As you may well know, I find doing my housework to be tedious and trying. I’m nearly always behind, always if you count that when my house appears to be ship-shape, it simply means that it isn’t wise to look in the closets.
One of my most trying ordeals is doing the dishes. I’ve not completely mastered them yet, but I’m only 54 … it’s coming along, there’s still time.
One of my successes in this department has been cleaning my roasting pan. And I’m so proud of this success that I want to share it with all of you.
So, without further preamble, here is my 12 easy steps to cleaning my roasting pan:
- Dirty it.
If you have ADHD then you need protein. If you’re an omnivore you’ll be getting that from eating meat. One of the better ways to dirty your roasting pan is to dry roast ribs. That means to cook them in an oven on a rack in the roasting pan. Cut them up into easily handled pieces and slather them with cooking sauce. The higher the sugar content, the dirtier the roasting pan will be and the better this cleaning technique will work.
- Eat the ribs.
Really a no-brainer, but the point is, don’t do anything with the roasting pan once you serve the ribs. Just forget about it. A day or two should do nicely.
- Discover that the roaster is dirty.
Run the hot water ’til it’s hot, add some soap to the roaster and put an inch or two of the hottest water you can into the roaster … make sure it’s too hot for your hands.
- Discover you can’t find your rubber gloves.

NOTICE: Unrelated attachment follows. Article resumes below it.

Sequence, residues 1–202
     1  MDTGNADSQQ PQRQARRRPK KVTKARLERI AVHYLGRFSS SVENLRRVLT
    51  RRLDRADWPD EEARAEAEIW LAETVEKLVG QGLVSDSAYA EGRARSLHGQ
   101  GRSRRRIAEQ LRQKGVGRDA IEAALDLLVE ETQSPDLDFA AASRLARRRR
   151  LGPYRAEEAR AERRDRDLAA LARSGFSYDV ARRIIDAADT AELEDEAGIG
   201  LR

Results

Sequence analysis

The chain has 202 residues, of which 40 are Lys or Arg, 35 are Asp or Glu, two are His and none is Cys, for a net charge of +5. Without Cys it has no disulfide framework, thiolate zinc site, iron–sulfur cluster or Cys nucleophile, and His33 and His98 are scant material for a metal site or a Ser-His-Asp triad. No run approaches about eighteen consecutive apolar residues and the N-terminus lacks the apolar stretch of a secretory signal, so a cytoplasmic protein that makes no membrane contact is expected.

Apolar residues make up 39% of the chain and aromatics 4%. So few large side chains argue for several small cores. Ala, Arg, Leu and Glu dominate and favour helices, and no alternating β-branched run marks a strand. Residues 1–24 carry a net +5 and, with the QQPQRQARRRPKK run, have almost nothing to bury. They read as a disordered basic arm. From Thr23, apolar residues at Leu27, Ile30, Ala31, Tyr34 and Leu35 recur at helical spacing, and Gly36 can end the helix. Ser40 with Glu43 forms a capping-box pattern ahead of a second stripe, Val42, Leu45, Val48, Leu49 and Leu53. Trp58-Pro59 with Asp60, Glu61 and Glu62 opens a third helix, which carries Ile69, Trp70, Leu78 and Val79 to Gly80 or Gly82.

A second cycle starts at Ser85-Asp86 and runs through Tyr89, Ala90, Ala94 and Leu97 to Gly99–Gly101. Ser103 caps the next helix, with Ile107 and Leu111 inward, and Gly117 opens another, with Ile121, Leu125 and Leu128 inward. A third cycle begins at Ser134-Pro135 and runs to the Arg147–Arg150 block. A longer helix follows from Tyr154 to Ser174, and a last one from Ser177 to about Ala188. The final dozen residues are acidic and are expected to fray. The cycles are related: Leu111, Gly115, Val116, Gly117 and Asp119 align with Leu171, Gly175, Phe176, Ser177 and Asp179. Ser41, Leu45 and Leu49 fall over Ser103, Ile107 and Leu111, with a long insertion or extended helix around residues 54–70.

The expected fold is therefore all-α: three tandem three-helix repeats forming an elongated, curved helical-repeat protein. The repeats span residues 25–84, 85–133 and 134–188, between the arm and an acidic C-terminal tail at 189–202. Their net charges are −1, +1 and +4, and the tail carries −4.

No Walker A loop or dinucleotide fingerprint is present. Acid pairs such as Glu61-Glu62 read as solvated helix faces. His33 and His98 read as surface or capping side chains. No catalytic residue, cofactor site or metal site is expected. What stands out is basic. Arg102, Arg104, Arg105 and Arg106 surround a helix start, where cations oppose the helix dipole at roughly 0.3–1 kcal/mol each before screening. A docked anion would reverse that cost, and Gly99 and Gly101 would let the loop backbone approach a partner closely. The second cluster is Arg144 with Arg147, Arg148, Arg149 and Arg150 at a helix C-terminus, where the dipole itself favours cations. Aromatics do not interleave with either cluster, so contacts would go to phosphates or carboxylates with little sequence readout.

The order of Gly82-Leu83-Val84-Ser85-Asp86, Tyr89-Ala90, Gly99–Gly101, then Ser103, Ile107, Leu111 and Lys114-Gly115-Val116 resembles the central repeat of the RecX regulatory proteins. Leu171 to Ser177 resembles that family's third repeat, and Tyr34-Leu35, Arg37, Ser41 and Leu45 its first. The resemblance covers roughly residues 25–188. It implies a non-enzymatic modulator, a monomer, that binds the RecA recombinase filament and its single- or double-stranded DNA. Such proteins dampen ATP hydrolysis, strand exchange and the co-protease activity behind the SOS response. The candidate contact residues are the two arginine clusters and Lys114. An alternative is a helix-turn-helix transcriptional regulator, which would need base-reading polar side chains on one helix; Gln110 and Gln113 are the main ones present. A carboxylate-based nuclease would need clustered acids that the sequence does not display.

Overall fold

This is an important step.
- Decide to leave the roaster ’til it cools down.
- Get distracted and lose the roaster, usually any counter will do.
This is an easy step, another pot or pan sitting out on my counter top will not attract my attention. Many other things will.
- Get busy for a week.
The trick here is to not leave the roaster for much longer than a week. After two weeks you’ll start to wonder what that smell is.
- Check the roaster after a week.
The baked on stuff should have floated to the top. It also should have acquired a slightly blue-green woven layer that will hold it together. Get a dirty spoon out of the dishwasher to ‘skim’ the rigid sheet of scum, held together by the fake lawn-like weaving that it has grown, off the now almost pristine cold water in the roasting pan.
- Drain the pan.
At this point I should warn you – do not drink the water you drain, it has soap in it. I’m telling you this because I personally forgot about the soap being there. You’re welcome.
- Add more soap and the hottest hot water again.
- Now scour the already clean roaster
Do this wearing the rubber gloves you found sitting underneath the roasting pan when you moved it to dump the water. Yep, they were there all along. All part of the process.note: while this scouring is more for show (how could any bacteria have survived a week in a counter top bound covered roaster) I strongly urge you to perform this step as it will give you a sense of accomplishment.
- Get some more ribs.
That’s right, I know it’s a thankless job, but you have to keep your roasting pan clean, so rather than complain, just start over again. The sooner you start, the sooner you’ll be done.
So that’s it. If any of you have any tips to share, by all means, feel free.